## Spherical Trigonometry, for the Use of Colleges and Schools: With Numerous Examples |

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### Common terms and phrases

ambiguity angular points approximately arcs drawn arcs which join bisecting centre circular measure cos a cos cos² cos³ cosb cosines Crown 8vo deduce denote equation equilateral escribed circles example expression faces fixed points formulæ formulæ of Art greater Hence inscribed Legendre's Theorem less Let ABC lune meet middle point Napier's analogies Napier's Rules obtain octahedron opposite angle opposite sides parallelepiped Plane Geometry plane triangle Plane Trigonometry polar triangle pole polygon position preceding Article primitive triangle quadrant r₁ regular polyhedron respectively result right angles right-angled triangles shew shewn Similarly sin b cos sin b sin sin² sin³ sine small circle described solid angles solution sphere spherical excess spherical triangle Spherical Trigonometry ß³ straight lines subtended suppose surface tangent tetrahedron Trigono

### Popular passages

Page 28 - If two triangles have two sides of the one equal to two sides of the...

Page 49 - B . sin c = sin b . sin C cos a = cos b . cos c + sin b . sin c cos b = cos a . cos c + sin a . sin c cos A cos B cos c = cos a . cos b + sin a . sin b . cos C ..2), cotg b . sin c = cos G.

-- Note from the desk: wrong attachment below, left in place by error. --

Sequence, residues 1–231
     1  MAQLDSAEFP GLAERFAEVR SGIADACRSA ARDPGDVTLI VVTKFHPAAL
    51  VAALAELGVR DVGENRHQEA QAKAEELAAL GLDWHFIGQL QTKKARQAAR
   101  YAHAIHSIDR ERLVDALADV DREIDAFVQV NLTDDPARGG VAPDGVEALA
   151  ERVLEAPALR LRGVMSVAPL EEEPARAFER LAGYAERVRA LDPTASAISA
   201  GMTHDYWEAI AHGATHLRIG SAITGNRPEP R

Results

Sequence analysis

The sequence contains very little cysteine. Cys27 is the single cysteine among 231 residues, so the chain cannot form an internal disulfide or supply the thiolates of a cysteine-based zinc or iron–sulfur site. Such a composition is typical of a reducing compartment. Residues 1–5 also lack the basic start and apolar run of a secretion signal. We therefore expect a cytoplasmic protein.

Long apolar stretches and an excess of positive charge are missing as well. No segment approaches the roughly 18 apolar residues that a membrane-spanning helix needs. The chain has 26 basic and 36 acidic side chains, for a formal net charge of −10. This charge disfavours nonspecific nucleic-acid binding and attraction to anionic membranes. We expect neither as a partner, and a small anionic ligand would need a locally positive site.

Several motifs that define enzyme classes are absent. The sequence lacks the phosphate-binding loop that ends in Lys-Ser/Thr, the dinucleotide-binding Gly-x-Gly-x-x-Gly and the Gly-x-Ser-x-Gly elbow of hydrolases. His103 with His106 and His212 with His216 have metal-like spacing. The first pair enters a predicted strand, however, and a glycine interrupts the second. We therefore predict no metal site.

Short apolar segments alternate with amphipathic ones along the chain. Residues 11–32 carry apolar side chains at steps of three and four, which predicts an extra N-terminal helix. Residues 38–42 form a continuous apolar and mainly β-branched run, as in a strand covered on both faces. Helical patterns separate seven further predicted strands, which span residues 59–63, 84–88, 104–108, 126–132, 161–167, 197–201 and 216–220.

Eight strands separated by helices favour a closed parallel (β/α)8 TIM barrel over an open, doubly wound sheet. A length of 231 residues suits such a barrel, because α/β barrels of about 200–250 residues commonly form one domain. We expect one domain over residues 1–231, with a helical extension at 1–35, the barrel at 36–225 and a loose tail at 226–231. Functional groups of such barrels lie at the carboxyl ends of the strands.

Page 12 - Any two sides of a spherical triangle are together greater than the third side.

Page 19 - Thus the sines of the angles of a spherical triangle are proportional to the sines of the opposite sides.

Page 30 - From this proposition, it is obvious that if one angle of a triangle be equal to the sum of the other two angles, that angle is a right angle, as is shewn in Euc.

Page 1 - A sphere is a solid bounded by a surface, every point of which is equally distant from a fixed point called the centre.

Page 62 - A circle which touches one side of a triangle and the other two sides produced, is called an escribed circle of the triangle.

Page 15 - If one angle of a spherical triangle be greater than another, the side opposite the greater angle is greater than the side opposite the less angle.